One of the country’s top lawyers has launched a protest on behalf of the 25,000 pigs who could be housed at the proposed large-scale pig farm in Foston in Derbyshire.


Michael Mansfield QC, whose cases include the Bloody Sunday inquiry, the Stephen Lawrence inquiry and the inquest of the Princess of Wales, has lodged a complaint against the planning application for the indoor pig unit.

In a letter to Derbyshire County Council, the QC said he had made it his career “to seek justice for those who have been denied their rights”.

“To allow the Foston pig farm to go forward would mean a life of hellish confinement for tens of thousands of animals,” he said.

Pigs in the farms like the one proposed by Midland Pig Producers are “denied everything that is natural”, he added. “Intensively confined in crowded, filthy conditions that cause stress, many pigs are driven insane.”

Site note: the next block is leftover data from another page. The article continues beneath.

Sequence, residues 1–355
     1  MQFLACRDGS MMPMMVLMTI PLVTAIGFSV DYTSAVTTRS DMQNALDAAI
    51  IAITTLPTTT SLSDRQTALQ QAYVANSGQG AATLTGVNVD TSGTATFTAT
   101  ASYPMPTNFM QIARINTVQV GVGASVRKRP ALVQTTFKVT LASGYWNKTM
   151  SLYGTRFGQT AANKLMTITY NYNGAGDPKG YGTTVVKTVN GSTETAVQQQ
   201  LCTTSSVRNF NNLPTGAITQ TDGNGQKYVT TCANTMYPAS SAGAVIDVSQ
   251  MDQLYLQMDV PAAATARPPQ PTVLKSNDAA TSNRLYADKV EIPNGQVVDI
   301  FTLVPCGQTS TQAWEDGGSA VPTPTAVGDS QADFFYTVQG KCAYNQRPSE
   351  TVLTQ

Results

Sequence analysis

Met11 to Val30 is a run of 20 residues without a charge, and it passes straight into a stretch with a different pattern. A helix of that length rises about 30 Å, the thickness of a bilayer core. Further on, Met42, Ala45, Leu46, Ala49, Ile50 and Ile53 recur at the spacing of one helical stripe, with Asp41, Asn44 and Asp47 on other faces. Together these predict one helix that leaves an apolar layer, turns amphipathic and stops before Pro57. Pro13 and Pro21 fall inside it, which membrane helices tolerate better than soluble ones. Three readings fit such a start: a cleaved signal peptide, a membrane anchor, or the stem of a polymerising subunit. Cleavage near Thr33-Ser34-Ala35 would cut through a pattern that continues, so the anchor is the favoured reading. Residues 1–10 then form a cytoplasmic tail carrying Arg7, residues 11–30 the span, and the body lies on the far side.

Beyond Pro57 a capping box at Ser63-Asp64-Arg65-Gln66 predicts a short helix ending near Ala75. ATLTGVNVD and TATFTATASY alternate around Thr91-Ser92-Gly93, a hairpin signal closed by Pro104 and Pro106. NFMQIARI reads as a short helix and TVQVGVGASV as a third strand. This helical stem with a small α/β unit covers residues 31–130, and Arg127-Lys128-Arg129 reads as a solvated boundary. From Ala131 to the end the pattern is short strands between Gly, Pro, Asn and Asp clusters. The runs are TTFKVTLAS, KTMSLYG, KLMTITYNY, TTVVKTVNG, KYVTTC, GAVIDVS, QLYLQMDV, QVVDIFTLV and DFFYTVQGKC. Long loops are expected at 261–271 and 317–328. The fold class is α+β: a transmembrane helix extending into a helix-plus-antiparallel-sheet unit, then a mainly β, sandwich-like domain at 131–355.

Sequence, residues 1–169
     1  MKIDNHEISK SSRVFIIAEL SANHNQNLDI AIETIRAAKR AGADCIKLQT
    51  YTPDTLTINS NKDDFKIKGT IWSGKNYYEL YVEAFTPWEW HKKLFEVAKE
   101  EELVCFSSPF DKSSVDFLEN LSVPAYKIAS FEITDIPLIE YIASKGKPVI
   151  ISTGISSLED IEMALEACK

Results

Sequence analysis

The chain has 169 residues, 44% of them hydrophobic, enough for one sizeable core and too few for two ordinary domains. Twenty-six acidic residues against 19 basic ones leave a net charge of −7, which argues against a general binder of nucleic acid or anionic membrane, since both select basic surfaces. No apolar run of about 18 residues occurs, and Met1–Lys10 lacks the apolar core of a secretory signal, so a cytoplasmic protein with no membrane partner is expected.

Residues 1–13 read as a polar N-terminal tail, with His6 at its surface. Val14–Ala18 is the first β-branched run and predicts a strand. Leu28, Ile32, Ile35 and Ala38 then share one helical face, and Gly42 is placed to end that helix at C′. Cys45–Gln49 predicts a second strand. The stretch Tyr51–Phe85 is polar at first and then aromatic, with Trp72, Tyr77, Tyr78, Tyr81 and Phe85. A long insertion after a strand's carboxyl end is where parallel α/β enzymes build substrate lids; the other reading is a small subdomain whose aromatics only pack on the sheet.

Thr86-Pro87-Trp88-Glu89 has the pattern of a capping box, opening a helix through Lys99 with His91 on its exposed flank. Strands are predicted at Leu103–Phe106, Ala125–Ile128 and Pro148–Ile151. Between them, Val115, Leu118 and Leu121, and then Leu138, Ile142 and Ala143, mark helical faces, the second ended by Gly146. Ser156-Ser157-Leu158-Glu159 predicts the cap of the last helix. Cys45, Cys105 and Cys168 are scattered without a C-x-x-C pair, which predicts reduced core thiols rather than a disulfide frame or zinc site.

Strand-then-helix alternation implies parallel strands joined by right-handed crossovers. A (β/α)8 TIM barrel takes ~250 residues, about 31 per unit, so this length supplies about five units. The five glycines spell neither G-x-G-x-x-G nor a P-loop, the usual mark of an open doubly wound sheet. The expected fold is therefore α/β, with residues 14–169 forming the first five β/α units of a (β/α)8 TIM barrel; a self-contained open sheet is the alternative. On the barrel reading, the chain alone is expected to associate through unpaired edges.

Mr Mansfield said the farm would emit foul smells and pose a threat to water supplies, while the sounds of a 1,000 pigs being “hauled to slaughter each week” would be audible to local residents.

“Most of the animals will never see sunlight or breathe fresh air until the day they are loaded onto a lorry bound for the abattoir,” he added.

Midland Pig Producers said animal welfare was its priority and the proposals addressed all of the concerns usually associated with intensive agriculture, including tail docking, teeth clipping, free farrowing and straw bedding.

Animal welfare group Compassion in World Farming also conceded that pigs housed in the proposed unit would have a higher standard of living than the majority of indoor-reared pigs in the UK.

“These proposed standards offer the potential for the pigs to have a higher quality of life than many of their counterparts in other UK and EU farms,” a spokesman said.

Proposals for the unit are expected to go before council planners in the autumn.